Miscellaneous causes of dementia
Since cognition is so easily disrupted by diseases affecting the cortex and its subcortical connections, cognitive impairment or dementia is very common in neurological practice. In the majority of cases the other clinical features provide the diagnostic clues. These dementia plus syndromes are numerous and include Huntington's disease, some spinocerebellar ataxias, and a variety of inherited metabolic disorders, such as metachromatic leucodystrophy, Kuf's disease, lysosomal storage disorders, and mitochondrial cytopathies.
Normal-pressure hydrocephalus can present as the classic triad of dementia, incontinence, and gait disturbance, but has tended to be overdiagnosed. The cognitive impairment is very much that of a subcortical impairment with cognitive slowing. Patients with prominent cognitive impairment are more likely to have a coexisting degenerative disease, and rarely, if ever, respond to shunting.
Multiple sclerosis patients will often develop cognitive impairment, and in some this can be a prominent, and even presenting, feature.
Syphilis is the classic infection which can be associated with dementia. However, late cases of Borrelia burgdorfei (Lyme disease) can also be associated with dementia (Krupp et al. 1991) and Whipple's disease can rarely involve the cerebral cortex, with cognitive impairment that responds to antibiotic treatment. The other major infection associated with dementia is HIV encephalopathy, and dementia can be a presenting feature (Janssen et al. 1992).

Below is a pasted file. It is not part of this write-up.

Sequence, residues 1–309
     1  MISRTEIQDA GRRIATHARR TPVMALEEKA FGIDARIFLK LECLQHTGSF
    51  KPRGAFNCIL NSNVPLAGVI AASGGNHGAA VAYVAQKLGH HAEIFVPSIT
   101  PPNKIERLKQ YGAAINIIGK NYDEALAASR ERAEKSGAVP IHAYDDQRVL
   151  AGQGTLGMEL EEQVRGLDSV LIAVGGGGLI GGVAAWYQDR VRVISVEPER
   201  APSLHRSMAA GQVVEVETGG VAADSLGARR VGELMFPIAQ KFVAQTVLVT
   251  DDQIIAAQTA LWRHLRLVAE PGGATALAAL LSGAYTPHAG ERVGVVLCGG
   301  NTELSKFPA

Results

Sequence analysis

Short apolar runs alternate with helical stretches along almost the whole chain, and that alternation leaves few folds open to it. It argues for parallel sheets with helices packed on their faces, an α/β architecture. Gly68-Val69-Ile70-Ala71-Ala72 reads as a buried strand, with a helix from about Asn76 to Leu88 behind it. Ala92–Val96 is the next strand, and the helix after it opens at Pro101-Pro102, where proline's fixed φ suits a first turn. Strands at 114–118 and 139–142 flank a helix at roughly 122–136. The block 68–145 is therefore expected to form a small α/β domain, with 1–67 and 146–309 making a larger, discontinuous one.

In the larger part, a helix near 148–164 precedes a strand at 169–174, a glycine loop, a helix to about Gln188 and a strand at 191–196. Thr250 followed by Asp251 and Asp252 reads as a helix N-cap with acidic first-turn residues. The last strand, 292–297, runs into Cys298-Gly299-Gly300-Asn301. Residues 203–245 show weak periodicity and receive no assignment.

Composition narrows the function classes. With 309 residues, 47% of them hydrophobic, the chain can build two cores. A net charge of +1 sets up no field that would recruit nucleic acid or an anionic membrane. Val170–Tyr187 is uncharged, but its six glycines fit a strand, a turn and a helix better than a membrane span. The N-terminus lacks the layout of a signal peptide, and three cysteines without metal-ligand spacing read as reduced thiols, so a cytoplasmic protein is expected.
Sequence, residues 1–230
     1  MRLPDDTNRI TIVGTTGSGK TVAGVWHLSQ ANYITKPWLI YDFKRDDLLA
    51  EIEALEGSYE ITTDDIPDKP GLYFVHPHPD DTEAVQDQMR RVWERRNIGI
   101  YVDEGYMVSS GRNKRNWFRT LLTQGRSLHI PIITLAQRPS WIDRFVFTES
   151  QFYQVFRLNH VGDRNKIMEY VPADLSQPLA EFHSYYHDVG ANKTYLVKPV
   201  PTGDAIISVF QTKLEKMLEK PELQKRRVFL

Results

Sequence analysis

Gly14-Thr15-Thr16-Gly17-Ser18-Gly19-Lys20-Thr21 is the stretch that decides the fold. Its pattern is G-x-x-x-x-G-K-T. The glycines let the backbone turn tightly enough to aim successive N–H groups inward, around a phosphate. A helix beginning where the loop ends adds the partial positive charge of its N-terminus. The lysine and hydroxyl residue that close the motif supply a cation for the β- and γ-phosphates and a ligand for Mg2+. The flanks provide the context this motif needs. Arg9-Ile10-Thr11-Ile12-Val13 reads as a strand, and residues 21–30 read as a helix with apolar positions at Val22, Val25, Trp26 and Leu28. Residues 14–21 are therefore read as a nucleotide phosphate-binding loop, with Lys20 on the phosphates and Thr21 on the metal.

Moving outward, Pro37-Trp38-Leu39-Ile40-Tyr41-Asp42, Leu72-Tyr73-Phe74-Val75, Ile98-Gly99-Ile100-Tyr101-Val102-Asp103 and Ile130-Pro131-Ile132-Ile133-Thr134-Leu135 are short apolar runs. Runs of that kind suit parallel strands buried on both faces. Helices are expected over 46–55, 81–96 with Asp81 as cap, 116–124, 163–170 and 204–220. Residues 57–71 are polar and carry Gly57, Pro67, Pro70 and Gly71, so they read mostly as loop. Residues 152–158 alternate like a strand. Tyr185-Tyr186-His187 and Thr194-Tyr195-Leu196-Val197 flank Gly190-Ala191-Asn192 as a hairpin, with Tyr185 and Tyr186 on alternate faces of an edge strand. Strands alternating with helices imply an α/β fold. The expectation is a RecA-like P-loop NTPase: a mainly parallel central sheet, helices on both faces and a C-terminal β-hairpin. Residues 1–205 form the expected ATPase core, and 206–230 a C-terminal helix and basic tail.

There is evidence that this is becoming less common with treatment with zidovudine (Melton et al. 1997). Progressive multifocal leucoencephalopathy is frequently associated with cognitive impairment and occurs in a variety of immunosuppressed patients as well as those with HIV.
One of the main reasons for neuroimaging of patient with dementia is to identify tumours, the treatment of which can result in cognitive improvement. However, with malignant tumours, irradiation itself may give rise to late cognitive impairment (Keime-Guibert et al. 1998).
The paraneoplastic phenomenon of limbic encephalitis, usually associated with carcinoma of the bronchus, can result in a memory impairment that precedes diagnosis of the tumour by a number of years and can mimic Alzheimer's disease. However, examination of the CSF usually reveals oligoclonal bands and occasionally pleocytosis (Bakheit et al. 1990).
Drugs, particularly barbiturates, can lead to cognitive slowing, as can heavy metals, such as lead, arsenic, manganese, and mercury. Workers in the felt hat industry who were exposed to mercury frequently developed a confusional state with cognitive impairment, hence the term ‘mad as a hatter’. Dementia pugilistica, arising from recurrent head injury, particularly in boxers, is associated with tangles and presents as a cognitive impairment with dysarthria and an extrapyramidal syndrome.
A variety of rare degenerative dementias are gradually being delineated, although some, such as argyrophilic grain dementia (Braak et al. 1989) are really only diagnosed at autopsy. Kosaka (1994) described a series of patients with basal ganglia calcification on neuroimaging, with neurofibrillary tangles but no senile plaques.
The rare Worster–Drought syndrome, a familial disorder with dementia and spastic paraparesis, is now recognized as a novel amyloidosis due to a stop codon mutation in the BRI gene (Vidal et al. 1999).